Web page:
“Senator, you go ahead and grab it and just wheel wherever the mayor wants it,” said Arrow Refuse General Manager Jeff Riley. He set up the ceremonial delivery as the company this week delivers truckloads of new roll-cart garbage and recycling cans. The new service begins next month.
It will take about two weeks before all users have their new containers. The roll carts are compatible with Arrow’s new fleet of garbage trucks, which use a mechanical arm to pick up and dump the trash containers.
When the roll-cart service starts, Riley says Arrow will no longer collect garbage from traditional cans. Customers will rent the roll cart for $2.75 a month, or $2.95, depending on the size of can.
Curbside recycling will be offered every two weeks at a cost of $3.11 a month, with the 96-gallon roll cart. Paper, cardboard, metal cans and plastic containers will be accepted, but not glass or hardbound books.
Here’s an example of how the recycling schedule will work, based on Sen. Egan’s trash pick-up day of Tuesday.
“So normal refuse is Tuesday then recycle is Wednesday, or every other Wednesday?” Egan asked.
“Correct,” Riley said, “because we want the pick-up day separate.”Cards will be attached to each can that is delivered. A green sticker will note the day garbage and recycling will be picked up.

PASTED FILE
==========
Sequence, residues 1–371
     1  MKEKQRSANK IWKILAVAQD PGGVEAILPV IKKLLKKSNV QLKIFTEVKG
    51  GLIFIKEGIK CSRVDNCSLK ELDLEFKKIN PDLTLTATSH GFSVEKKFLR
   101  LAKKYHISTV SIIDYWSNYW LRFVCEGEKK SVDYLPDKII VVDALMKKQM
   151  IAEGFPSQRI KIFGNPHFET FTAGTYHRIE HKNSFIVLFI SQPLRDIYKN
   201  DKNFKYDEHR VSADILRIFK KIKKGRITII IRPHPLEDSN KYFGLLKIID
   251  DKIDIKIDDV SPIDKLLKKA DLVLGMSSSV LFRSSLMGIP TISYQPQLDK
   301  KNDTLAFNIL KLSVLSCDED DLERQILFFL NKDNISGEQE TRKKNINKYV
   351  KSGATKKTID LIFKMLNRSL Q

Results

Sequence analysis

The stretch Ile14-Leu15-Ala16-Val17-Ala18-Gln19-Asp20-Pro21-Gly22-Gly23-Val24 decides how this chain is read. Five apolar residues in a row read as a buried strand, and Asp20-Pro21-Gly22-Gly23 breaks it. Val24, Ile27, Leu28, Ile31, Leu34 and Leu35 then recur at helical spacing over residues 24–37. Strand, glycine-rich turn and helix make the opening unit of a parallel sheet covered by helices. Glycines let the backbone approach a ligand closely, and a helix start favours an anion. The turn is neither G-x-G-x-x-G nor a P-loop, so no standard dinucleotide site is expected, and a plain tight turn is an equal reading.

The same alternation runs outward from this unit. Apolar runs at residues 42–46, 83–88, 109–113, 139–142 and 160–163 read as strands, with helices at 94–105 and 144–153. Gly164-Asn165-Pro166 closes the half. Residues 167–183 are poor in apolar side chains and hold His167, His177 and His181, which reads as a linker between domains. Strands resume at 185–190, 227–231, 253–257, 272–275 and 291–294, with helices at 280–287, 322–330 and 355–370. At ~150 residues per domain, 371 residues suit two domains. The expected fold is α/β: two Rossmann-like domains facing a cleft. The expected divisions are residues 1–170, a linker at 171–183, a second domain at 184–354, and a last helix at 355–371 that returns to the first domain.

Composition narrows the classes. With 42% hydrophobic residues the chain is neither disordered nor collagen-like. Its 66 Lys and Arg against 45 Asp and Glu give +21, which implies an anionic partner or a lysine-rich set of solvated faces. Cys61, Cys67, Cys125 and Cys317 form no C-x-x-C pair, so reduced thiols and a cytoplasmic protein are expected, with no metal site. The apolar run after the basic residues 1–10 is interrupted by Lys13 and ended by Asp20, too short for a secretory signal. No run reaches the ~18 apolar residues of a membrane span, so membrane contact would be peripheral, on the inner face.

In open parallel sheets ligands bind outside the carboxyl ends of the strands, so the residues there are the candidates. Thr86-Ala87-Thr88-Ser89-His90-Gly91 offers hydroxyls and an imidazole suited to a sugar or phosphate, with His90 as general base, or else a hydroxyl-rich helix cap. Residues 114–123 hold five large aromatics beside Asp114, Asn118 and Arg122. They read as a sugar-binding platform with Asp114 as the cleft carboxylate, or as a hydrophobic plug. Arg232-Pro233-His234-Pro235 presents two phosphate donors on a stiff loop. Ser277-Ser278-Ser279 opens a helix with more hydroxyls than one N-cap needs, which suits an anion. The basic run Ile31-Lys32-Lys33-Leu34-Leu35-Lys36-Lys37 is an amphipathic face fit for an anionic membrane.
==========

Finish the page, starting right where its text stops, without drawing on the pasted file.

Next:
Arrow Refuse also begins charging the new rates next month.
- However, the Juneau Police Department continues to take anonymous drops in its lobby during regular business hours Monday through Friday.
- "Suffice to say Alaska, the massive state with such a small population, might have a bigger influence on the selection for the Republican nominee for the presidency, than you might think," said GOP Chairman Peter Goldberg.
- The first sighting of wood bison calves born in the wild could mean big changes in the ecosystem of western Alaska.
- The aspiring distiller behind Skagway Spirits hopes to open its doors this year, and to be bottling and fully open for business by next summer.